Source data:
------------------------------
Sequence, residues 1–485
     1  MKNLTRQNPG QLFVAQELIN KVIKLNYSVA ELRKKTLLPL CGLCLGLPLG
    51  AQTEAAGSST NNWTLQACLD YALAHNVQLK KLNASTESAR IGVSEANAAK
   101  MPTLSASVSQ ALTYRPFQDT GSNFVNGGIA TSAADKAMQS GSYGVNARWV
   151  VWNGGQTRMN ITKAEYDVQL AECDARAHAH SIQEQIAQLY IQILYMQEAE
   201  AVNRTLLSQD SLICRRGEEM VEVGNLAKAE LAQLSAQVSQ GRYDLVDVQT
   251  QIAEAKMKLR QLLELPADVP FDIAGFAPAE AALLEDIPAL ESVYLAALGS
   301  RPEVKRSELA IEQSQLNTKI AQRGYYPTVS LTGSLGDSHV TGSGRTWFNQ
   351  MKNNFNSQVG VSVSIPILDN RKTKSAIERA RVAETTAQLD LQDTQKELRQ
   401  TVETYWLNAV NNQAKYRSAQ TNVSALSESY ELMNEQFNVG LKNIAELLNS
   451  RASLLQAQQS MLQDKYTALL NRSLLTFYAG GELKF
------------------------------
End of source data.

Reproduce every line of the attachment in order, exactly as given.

Sequence, residues 1–485
     1  MKNLTRQNPG QLFVAQELIN KVIKLNYSVA ELRKKTLLPL CGLCLGLPLG
    51  AQTEAAGSST NNWTLQACLD YALAHNVQLK KLNASTESAR IGVSEANAAK
   101  MPTLSASVSQ ALTYRPFQDT GSNFVNGGIA TSAADKAMQS GSYGVNARWV
   151  VWNGGQTRMN ITKAEYDVQL AECDARAHAH SIQEQIAQLY IQILYMQEAE
   201  AVNRTLLSQD SLICRRGEEM VEVGNLAKAE LAQLSAQVSQ GRYDLVDVQT
   251  QIAEAKMKLR QLLELPADVP FDIAGFAPAE AALLEDIPAL ESVYLAALGS
   301  RPEVKRSELA IEQSQLNTKI AQRGYYPTVS LTGSLGDSHV TGSGRTWFNQ
   351  MKNNFNSQVG VSVSIPILDN RKTKSAIERA RVAETTAQLD LQDTQKELRQ
   401  TVETYWLNAV NNQAKYRSAQ TNVSALSESY ELMNEQFNVG LKNIAELLNS
   451  RASLLQAQQS MLQDKYTALL NRSLLTFYAG GELKF